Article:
PLACERVILLE, Calif — Some local government leaders are urging Governor Gavin Newsom to take a nuanced approach in reopening the state, one that considers how rural areas and urban cities are dealing with the pandemic differently.
The Placerville City Council is among several small California county and city leaders who say they aren't impacted by coronavirus the same way big cities are.
Placerville Vice Mayor Dennis Thomas, who recently recovered from coronavirus, said because their city, like many other rural areas, has not be as heavily impacted by the virus, it shouldn't have to suffer from the one-size-fits-all style response.
"We have very low infection rate in this community," Thomas said. "We're doing it right, and we should not have the same penalties as other communities."
As of April 20, the city has only had five positive tests, El Dorado County has 38 total confirmed cases and zero deaths.
Thomas said the council's unanimous decision last week to pen a letter to the governor isn't fueled by emotion, but a measured approach to put the city's interests on record.
"I think we should not expect to go along with the rest of the state, we should expect, not to have special privileges, but appropriate privileges for our community," he said.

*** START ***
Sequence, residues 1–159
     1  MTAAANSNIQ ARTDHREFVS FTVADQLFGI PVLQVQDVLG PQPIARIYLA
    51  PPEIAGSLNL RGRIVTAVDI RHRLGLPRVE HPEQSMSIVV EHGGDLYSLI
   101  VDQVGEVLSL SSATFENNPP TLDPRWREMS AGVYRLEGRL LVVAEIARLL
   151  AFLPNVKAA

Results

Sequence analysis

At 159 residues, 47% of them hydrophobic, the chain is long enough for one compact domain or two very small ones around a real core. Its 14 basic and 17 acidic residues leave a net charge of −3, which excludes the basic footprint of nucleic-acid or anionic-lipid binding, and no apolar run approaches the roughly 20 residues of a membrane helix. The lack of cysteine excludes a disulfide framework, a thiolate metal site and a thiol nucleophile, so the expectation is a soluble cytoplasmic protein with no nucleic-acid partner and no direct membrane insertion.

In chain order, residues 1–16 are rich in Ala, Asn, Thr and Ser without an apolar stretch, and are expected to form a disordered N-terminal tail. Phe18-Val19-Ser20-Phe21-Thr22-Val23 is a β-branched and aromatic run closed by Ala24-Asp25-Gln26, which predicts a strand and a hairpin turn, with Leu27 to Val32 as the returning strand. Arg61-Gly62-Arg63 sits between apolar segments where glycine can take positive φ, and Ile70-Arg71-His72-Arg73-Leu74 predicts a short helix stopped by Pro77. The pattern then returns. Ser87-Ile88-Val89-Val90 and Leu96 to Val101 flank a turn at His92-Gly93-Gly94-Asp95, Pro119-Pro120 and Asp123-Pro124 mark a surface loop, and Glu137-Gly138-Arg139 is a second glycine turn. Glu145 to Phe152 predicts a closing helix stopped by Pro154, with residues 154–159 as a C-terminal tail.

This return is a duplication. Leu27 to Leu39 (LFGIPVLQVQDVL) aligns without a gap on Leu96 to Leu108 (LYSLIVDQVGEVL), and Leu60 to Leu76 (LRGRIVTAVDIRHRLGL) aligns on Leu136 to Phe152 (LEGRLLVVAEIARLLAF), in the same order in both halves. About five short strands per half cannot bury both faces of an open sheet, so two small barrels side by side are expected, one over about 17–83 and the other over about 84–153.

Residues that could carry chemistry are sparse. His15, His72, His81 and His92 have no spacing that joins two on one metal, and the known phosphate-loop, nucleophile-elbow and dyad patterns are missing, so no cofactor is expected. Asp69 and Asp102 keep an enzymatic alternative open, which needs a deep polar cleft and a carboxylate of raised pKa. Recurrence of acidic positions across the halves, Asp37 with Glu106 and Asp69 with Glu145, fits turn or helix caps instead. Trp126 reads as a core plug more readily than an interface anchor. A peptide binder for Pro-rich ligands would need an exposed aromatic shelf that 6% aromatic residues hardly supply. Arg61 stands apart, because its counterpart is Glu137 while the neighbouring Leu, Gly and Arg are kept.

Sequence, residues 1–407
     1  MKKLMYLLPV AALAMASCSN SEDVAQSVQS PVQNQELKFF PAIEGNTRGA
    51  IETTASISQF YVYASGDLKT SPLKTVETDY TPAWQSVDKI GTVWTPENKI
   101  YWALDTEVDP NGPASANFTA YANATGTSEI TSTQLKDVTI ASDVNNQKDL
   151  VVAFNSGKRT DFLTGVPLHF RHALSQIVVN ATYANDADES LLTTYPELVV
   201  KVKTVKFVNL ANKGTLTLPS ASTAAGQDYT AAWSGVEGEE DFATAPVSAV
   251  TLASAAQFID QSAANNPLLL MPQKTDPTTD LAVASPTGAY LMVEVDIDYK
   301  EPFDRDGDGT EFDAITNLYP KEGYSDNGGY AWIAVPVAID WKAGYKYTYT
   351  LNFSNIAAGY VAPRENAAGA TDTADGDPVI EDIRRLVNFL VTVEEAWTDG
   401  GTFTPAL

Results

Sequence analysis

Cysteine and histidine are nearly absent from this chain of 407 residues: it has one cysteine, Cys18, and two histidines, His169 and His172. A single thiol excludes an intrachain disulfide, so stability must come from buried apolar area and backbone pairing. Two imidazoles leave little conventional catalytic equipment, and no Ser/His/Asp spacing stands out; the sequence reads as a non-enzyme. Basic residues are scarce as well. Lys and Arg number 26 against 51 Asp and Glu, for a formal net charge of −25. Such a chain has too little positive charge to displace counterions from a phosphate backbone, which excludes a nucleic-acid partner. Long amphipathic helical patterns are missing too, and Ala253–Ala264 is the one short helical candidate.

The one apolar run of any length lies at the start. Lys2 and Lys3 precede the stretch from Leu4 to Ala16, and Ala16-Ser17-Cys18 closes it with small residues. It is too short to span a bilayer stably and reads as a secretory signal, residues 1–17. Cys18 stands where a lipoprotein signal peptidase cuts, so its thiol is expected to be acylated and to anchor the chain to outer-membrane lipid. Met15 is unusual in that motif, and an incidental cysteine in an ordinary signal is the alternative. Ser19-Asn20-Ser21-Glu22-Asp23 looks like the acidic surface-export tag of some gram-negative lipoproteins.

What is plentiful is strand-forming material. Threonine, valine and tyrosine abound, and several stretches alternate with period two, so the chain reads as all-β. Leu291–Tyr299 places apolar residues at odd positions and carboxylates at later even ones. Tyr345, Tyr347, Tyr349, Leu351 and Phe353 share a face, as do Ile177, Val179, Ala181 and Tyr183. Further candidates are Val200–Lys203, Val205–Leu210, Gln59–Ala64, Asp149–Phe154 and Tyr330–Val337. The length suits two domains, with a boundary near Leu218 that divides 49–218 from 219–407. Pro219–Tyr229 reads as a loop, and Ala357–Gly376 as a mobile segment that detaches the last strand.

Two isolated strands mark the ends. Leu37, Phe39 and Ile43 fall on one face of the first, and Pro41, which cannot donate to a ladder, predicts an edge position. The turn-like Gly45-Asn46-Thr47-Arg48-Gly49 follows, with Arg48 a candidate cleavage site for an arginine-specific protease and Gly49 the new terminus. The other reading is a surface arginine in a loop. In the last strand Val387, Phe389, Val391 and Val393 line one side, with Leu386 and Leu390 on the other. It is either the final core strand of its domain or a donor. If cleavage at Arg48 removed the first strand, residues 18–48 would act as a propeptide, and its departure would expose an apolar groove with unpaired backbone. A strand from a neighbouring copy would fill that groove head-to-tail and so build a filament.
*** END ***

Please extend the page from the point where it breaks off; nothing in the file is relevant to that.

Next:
In a phone interview, Dennis said the council believes Placerville has met five out of the six parameters the governor laid out in reopening the state. The one missing benchmark is procuring adequate testing, he said.
What the council is looking for now is guidance and some sort of autonomy.
Placerville Mayor Michael Saragosa told ABC10 in an email Monday that they are not looking to immediately reopen the city, but instead receive guidance to open sooner based on their level of impact.
"Placerville and similar cities/counties with less density should be able to make informed decisions on slowly reopening certain aspects of their economy that may pose more of a challenge in urban and/or high density areas," Saragosa said. "Localized flexibility is important as we move forward towards some type of 'reopening' that is informed by our healthcare partners and the County public health officer."
City leaders said the letter outlining their arguments for reopening at the local level with appropriate restrictions is still being finalized.
During the governor's daily press briefing on Monday, he said he has stacks of letters from local municipalities with similar pleas. Newsom added that the state is considering local input, and vice versa.
The governor said each Wednesday, the state will give updates on those six re-opening categories, and that his office will continue conversations with local public health departments.
"We recognize 58 counties, 480 cities, different parts of this state impacted differently, but also the fact that we are one state and the impact and the collective responsibility we have to one another, neighboring counties, neighboring cities, also must be considered," Newsom said. "All of that is exactly why last week we put out those terms, those six areas of categories where we are advancing those conversations at the local level, incorporating their thoughts and advice at the state level."
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